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Thursday, March 19, 2015

Capitalism is an economic system where wealth is shared - Republicans Alert

"...look at what Minnesota Gov. Mark Dayton did when he inherited a $6.2 billion state deficit from Republican Tim Pawlenty. Pawlenty cut state taxes to show his credentials as a presidential candidate. After eight years in office, Pawlenty left office with a 7 percent unemployment rate and a total of only 6,200 new jobs."

Republicans who praise the laurels of living in a Capitalist society have no idea about what this really means. Listen up Republicans! Capitalism means "sharing the wealth".  In other words, tax money must be reinvested to help the civilized world to progress.

Columnist Tom Zirpoli of the Carroll County Times writes about how investing tax money improved economies:

Best states invest in education

Tom Zirpoli
March 18, 2015

Maryland Gov. Larry Hogan (R) is following the GOP's failed philosophy of trying to boost the state's economy by cutting taxes. Never mind that, according to Hogan, Maryland already has a significant deficit. Never mind that he has already proposed drastic cuts to education funding to help balance the budget, and that cutting taxes will only make it necessary to make more cuts on the backs of our children.

There is now overwhelming evidence that cutting state taxes does not grow a state's economy or create jobs. This experiment was tried on the national level by President George W. Bush, who cut taxes and then watched the federal budget surplus he inherited disappear. Oh, and then there was the Great Recession of 2008 -- so much for growing the economy by cutting taxes.

The evidence is also overwhelming at the state level, where Republican governors and legislatures have watched their states' deficits grow and their economies fail after big tax cuts. Then, in response to their recklessness, they cut education funding instead of restoring the revenue.

Hogan wants to cut Maryland K-12 education funding by $144 million because, according to his budget secretary,David Brinkley, "We want responsible budgeting here." But there is nothing responsible about cutting revenue while proposing massive cuts to our children's education.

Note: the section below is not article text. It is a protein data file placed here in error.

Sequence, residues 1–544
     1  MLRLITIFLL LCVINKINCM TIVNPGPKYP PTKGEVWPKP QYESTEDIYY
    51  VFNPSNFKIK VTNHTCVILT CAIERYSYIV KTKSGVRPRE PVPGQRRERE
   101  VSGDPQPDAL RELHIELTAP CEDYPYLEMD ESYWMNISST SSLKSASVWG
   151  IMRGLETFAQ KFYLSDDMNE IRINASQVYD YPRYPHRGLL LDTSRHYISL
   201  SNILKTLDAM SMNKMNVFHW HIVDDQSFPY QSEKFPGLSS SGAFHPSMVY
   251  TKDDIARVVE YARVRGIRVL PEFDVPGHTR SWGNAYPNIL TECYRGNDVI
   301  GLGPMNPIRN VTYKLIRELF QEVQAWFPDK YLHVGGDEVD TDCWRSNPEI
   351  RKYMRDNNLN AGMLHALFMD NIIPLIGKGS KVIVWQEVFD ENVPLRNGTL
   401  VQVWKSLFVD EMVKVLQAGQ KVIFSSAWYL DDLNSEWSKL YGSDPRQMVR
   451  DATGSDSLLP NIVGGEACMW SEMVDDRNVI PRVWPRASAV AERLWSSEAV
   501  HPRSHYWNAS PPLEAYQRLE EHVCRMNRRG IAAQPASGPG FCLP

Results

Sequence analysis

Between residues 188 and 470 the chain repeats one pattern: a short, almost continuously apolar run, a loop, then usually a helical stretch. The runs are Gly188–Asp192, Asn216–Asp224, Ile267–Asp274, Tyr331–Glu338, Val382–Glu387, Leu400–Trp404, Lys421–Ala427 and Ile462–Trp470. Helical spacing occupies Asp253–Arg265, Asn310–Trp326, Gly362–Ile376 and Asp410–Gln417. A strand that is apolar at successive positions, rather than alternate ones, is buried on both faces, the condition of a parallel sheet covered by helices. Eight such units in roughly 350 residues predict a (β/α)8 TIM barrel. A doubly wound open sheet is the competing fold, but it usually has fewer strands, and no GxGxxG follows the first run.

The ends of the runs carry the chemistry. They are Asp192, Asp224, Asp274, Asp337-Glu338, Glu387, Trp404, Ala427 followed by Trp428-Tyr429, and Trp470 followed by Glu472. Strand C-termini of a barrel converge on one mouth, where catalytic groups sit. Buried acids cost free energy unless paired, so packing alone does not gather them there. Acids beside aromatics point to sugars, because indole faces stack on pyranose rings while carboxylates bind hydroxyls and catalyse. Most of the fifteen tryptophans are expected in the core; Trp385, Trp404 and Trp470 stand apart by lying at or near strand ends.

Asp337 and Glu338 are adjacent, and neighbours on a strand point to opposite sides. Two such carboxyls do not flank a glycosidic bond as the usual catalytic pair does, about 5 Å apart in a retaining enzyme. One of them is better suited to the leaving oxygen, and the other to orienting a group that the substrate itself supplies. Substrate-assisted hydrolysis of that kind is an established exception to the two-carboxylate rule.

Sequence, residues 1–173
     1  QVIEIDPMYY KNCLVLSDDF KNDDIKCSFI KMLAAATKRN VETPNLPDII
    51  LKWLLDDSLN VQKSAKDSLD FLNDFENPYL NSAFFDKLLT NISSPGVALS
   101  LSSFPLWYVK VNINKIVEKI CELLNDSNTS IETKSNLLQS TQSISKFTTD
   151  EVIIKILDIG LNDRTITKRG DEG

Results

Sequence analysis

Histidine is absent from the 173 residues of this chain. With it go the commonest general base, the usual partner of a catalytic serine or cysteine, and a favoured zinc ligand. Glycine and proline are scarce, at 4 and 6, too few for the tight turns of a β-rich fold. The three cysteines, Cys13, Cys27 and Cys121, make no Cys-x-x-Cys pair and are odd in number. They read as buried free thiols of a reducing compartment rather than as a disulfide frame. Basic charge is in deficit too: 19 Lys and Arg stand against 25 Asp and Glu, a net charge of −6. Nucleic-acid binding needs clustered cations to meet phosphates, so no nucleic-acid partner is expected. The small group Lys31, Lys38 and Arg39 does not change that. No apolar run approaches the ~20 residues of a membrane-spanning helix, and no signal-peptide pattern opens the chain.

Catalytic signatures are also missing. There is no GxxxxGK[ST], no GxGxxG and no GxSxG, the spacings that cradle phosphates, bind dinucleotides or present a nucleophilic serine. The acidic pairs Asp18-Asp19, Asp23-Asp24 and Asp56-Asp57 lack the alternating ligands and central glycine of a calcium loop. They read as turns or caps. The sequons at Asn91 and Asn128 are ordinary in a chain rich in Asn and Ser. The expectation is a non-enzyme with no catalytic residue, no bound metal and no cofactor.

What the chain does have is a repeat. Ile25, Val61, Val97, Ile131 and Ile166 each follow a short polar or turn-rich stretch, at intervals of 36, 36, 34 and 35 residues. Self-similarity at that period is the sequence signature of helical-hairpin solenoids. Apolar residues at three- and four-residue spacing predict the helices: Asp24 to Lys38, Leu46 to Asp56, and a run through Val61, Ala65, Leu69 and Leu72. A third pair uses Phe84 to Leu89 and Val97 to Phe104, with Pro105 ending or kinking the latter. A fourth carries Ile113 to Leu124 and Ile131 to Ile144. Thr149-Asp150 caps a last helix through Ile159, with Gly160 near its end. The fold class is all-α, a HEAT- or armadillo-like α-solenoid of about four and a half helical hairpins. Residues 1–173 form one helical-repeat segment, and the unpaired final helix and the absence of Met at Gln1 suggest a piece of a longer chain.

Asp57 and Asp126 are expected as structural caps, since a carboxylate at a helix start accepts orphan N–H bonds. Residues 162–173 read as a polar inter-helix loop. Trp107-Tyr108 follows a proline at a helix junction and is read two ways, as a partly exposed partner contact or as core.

Hogan is following the same failed formula of Wisconsin Gov. Scott Walker, Louisiana Gov. Bobby Jindal, and Arizona Gov. Douglas Ducey of cutting state taxes, growing the state deficit and then cutting education funding to balance the budget on the back of the states' children.

Instead, Hogan should look at what Minnesota Gov. Mark Dayton did when he inherited a $6.2 billion state deficit from Republican Tim Pawlenty. Pawlenty cut state taxes to show his credentials as a presidential candidate. After eight years in office, Pawlenty left office with a 7 percent unemployment rate and a total of only 6,200 new jobs.

Dayton raised state taxes on the rich and raised the state minimum wage after he took office. Minnesota now has the fourth highest state income tax rate in the country. His actions were called a "jobs killer" by state Republicans. However, after four years in office, between 2011 and 2015, Minnesota added 172,000 new jobs, the unemployment rate dropped from 7 percent under Pawlenty to 3.6 percent under Dayton and the state now has a $1 billion surplus which it can invest into better schools, stronger infrastructure and better services for its citizens.

As a result, Forbes rates Minnesota the 9th best state in the nation for business. In the same study, Forbes rated Walker's Wisconsin, next door to Minnesota, one of the worst states to do business. When will Republicans learn that businesses want to locate in states that invest in education, infrastructure, technology and good services for citizens? Smart business men and women want the best schools for their own children. They also understand that to attract strong employees they need to be located in states with good schools and other family services.

Interestingly, Dayton's family founded Target department stores and he is a billionaire. Yet, he campaigned on higher taxes for the rich and investing 33 percent of the tax increase to the state's public education system.

Dayton's strategy has been a big success. Meanwhile, back in Wisconsin, Louisiana, Arizona, Kentucky and other GOP states where taxes have been cut and education funding slashed, the deficits keep rising and job creation lags behind the national average.

Hopefully, Hogan will look at the data and update his economic plan for Maryland. Simply put, Marylanders want to keep our strong public education system and are willing to pay for it. If retired folks want to move to Pennsylvania to avoid taxes on their retirement, good riddance. 

They are not the folks who will be growing the economy in Maryland's future; our children, however, will.

Tom Zirpoli writes from Westminster. His column appears Wednesdays. Email him attzirpoli@mcdaniel.edu.

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